A mere eight weeks ago, the obituaries for Arsene Wenger's Arsenal were arriving in their droves.
The draw with relegation threatened Bolton Wanderers at the start of February continued a four-match winless run in the Premier League for the Gunners, as they occupied seventh spot in the division - 12 points separating them from third placed Tottenham Hotspur.
The gap to their local rivals appeared insurmountable, and furthermore the faith from the Emirates Stadium crowd, who were later to be disappointed in the club's search for a first trophy in seven years, was beginning to wane.
Criticism piled in over Wenger's long term strategy, but while the club's finances were in perfect working order, an inability to spend in the transfer market was damaging the team's short-term prospects. Some were even calling for the Frenchman's head.
However, after seven consecutive wins, such negativity has reached the end of the line. All change at Arsenal; now revived, the title is the next step according to those in the know.
Forgive me for my brief memory lapse, but if Arsenal were in such dire straits two months ago, why after seven straight, albeit impressive, wins are they being touted as contenders?
Granted, talk of new additions in the summer appear encouraging to the trained ear, but how often have we speculated over potential new recruits in north London, only to be hopelessly let down come September?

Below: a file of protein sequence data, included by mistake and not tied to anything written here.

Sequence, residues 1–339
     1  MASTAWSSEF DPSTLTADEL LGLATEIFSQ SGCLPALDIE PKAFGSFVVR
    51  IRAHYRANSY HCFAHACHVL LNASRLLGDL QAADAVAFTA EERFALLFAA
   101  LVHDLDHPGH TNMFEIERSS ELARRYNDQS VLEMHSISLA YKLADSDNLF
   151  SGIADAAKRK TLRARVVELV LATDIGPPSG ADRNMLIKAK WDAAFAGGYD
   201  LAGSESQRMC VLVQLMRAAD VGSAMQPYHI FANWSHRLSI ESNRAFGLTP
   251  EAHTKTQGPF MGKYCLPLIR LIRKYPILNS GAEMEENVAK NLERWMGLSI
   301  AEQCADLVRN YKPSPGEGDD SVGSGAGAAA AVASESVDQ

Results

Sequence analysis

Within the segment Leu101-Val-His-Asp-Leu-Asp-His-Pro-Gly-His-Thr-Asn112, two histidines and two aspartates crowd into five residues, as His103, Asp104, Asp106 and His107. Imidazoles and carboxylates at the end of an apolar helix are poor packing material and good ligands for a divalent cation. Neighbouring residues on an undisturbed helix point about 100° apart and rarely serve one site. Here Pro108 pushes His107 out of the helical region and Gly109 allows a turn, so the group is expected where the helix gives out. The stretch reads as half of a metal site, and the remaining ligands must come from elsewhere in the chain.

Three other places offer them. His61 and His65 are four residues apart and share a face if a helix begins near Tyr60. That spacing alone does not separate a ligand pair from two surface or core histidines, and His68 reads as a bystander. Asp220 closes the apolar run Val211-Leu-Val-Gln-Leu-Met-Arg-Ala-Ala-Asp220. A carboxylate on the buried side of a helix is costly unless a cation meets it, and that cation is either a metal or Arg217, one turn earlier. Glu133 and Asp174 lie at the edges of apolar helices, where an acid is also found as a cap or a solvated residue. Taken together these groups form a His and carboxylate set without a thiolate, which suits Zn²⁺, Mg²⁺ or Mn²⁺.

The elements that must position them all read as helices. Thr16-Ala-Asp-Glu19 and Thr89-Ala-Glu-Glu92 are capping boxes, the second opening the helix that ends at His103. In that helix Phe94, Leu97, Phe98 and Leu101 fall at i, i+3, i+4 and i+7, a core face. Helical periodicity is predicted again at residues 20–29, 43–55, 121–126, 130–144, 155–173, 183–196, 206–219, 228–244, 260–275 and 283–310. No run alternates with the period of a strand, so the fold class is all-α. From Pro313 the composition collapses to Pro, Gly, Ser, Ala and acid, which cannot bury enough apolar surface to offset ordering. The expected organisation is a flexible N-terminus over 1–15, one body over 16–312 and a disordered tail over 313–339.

Arsenal's recent run is reminiscent of Liverpool's surge at the end of last season, which saw them claim 10 wins in their last 16 games under Kenny Dalglish.
With Luis Suarez having settled in nicely, and a heap of new players recruited in the summer, big things were expected of Liverpool, with a title charge, let alone a Champions League spot, mentioned as potential new term targets. It would be fair to say the Reds have fallen way short of such expectations.
A similarly fruitful summer is expected at Arsenal this year, and depending on who you believe Lukas Podolski, Jan Vertonghen and Yann M'Vila will all be recruited well in advance of deadline day, in contrast to last year's scatter-gun transfer policy.
Talk about a title challenge is frankly papering over the cracks of what has been another disastrous season for the Gunners' trophy ambitions.
The dominance of Barcelona and Real Madrid means the Champions League simply works as financial comfort even for a club of Arsenal's size.
Don't believe the hyperbole that a run into the top four, which sees them take their place in Europe's premier club competition, can be the precursor to a title charge. It was simply a reaction to the club's plight outside those places.
You need only look at the departure of Cesc Fabregas, and more to a point Samir Nasri, to prove that Champions League football isn't enough to show that progression is being made. And that in itself is the underlining point of Arsenal's entire season.
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